Selecting PPE for the Workplace Optical Radiation Laser work and similar operations create intense concentrations of heat, ultraviolet, infrared, and reflected light radiation.
A laser beam, of sufficient power, can produce intensities greater than those experienced when looking directly at the sun. Recent studies of light damage to the retina and studies of the hazards to the eye and skin from laser radiation have permitted the development of occupational exposure limits for optical radiation.
Optical radiation is ubiquitous, and intense artificial sources find many applications in clinical practice, including zone illumination, diagnosis, and therapy. Its effects on humans are strongly wavelength-dependent, its hazards sometimes overlooked due to familiarity or masking by other wavelengths.
This chapter examines non-laser sources of ultraviolet, visible, and infrared radiations. “The risk of ignition due to optical radiation hazards shall always be addressed,” is the expectation from IECEx Decision Sheet (DS /) loud and clear, in black and white.
There is no guessing or interpretation needed. With a new IECEx-certified product, optical radiation. This book is composed of eight chapters and begins with the principles of the absolute measurement of radiant power.
The subsequent chapters provide the criteria associated with reflectance and transmittance of optical radiation and the parameters used to characterize the performance of radiation.
Safety Committee to track the quantity and type of lasers on campus, and allows the Laser Safety Officer to review and assist principal investigators in classifying lasers and determining the controls required for their operation. Each principal investigator who possesses or acquires a laser must complete and return an inventory form to EH&S.
For more information on hazards present from laser overexposure, the table below is split into groups of wavelength along with columns for eye and skin specific hazards.
Spectral Region. Eye. Skin. A study was made of the optical radiation hazards associated with 1 to 5 kilowatt carbon-dioxide (CO2) laser welding and cutting processes. Optical radiation detectors utilized to assess radiant energy levels were briefly described.
Radiation was measured at meter distance from the plume radiation, defined as radiation produced by laser. I have owned this book since The book is an excellent referecne book that details the basic physics as well as characteristics (needed for design)of different types of radiation discussion of theory behind "detectivity",fgigure of merit,speed of response, signal to noise ratio, various sources of noise in semiconductor detectors, etc.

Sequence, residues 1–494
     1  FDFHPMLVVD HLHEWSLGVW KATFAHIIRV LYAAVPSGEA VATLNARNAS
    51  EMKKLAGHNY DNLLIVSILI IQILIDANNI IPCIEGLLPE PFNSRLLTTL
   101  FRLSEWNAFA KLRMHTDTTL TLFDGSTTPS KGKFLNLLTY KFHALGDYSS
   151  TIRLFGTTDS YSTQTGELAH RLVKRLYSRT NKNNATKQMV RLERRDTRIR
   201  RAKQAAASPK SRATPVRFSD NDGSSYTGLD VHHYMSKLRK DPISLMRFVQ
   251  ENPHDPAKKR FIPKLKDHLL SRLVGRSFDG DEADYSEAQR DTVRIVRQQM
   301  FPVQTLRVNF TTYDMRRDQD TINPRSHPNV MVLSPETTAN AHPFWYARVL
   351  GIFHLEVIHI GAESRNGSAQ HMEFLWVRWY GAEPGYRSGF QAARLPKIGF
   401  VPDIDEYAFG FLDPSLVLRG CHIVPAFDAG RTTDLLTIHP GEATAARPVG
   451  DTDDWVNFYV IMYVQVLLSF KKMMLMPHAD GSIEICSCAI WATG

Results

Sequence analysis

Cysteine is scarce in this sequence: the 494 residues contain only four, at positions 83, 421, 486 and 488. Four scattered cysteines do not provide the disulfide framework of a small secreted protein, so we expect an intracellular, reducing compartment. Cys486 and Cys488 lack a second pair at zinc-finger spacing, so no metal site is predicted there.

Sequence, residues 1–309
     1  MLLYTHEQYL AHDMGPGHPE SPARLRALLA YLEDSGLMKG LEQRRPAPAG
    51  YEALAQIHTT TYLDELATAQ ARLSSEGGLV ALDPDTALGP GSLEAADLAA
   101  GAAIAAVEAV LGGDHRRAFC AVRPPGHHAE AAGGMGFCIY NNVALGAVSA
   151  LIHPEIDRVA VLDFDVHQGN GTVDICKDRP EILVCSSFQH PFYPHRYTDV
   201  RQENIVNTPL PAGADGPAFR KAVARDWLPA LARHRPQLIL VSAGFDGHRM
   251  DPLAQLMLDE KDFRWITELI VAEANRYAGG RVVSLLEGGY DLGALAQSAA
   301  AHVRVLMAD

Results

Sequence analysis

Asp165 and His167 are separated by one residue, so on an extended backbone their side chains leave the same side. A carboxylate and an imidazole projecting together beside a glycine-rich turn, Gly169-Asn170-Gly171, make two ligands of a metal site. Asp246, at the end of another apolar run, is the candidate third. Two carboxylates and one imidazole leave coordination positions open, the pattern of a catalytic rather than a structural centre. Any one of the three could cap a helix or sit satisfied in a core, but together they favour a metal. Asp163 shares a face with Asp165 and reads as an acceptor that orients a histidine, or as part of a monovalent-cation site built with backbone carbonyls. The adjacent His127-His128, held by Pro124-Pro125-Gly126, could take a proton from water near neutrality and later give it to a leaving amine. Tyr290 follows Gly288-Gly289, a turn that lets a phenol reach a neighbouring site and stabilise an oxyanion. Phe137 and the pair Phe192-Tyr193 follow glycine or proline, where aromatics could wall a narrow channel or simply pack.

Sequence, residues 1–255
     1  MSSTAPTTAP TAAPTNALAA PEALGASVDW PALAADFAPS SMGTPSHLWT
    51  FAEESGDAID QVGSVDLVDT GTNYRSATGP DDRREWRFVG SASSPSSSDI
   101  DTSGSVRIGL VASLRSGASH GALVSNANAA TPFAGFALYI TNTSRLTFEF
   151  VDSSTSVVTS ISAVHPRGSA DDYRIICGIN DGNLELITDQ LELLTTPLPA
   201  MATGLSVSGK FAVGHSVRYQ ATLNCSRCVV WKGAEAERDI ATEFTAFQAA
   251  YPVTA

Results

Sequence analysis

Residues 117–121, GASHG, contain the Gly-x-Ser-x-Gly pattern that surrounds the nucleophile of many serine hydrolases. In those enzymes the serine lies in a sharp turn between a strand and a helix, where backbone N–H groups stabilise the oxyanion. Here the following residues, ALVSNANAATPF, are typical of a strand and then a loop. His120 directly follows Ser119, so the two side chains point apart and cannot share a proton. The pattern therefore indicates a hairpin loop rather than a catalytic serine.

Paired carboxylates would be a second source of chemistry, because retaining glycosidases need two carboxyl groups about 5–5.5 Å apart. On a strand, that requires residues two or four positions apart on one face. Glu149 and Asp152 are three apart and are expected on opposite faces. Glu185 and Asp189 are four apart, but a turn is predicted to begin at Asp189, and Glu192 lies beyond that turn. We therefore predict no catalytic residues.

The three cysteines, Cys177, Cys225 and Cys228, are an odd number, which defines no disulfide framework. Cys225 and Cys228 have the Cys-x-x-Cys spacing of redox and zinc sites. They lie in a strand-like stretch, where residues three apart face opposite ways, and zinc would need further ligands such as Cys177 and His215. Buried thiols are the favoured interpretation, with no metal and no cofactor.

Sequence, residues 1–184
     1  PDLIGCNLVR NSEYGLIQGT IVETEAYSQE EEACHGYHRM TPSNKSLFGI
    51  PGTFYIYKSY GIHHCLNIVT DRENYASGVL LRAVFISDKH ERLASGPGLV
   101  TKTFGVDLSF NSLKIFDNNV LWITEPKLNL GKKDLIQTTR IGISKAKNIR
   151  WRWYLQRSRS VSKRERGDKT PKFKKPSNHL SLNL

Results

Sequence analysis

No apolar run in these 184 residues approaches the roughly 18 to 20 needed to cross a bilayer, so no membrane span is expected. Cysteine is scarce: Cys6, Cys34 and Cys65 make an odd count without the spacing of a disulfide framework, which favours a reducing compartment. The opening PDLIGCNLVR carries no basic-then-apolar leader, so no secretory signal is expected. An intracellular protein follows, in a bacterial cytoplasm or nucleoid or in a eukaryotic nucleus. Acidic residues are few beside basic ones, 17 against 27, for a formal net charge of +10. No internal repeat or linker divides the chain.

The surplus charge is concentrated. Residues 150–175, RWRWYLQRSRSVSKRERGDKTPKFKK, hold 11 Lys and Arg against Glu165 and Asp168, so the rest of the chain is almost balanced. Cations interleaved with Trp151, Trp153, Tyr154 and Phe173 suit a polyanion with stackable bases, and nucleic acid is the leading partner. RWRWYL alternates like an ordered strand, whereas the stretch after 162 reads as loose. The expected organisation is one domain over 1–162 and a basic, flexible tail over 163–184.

are key items in any s: 1. Optical radiation hazards of laser welding processes. Part 1: Neodymium-YAG laser. Rockwell RJ, Moss CE. High power laser devices are being used for numerous metalworking processes such as welding, cutting and heat treating.
Such laser devices are. Learn about the various sources of optical radiation used in Scottish secondary school science classes.
Learn about the control measures to use in activities involving optical radiation. Why Should You Attend. Many sources of optical radiation have hazards associated with them but by following SSERC guidance, the risks can be made small. Laser Hazard Classification Useful Resources Research studies, along with an understanding of the hazards of sunlight and conventional, man-made light sources have permitted scientists to establish safe exposure limits for nearly all types of laser radiation.
These limits are generally referred to as Maximum Permissible Exposures (MPE's) by laser safety professionals. Abstract. The attendant hazards of laser operations vary greatly depending upon the exact type of laser and its application. The optical radiation hazards also vary greatly, from the small lasers used for alignment and leveling to high-powered pulsed ruby and neodymium lasers used for microdrilling and microwelding systems to still more powerful CO 2 laser systems used for welding and cutting.
hazard. Class 1 lasers are termed “no risk” lasers because they are not capable of emitting hazardous laser radiation levels under any operating or viewing conditions. The exemption from hazard controls strictly applies to the emitted laser radiation hazards and not to other potential hazards.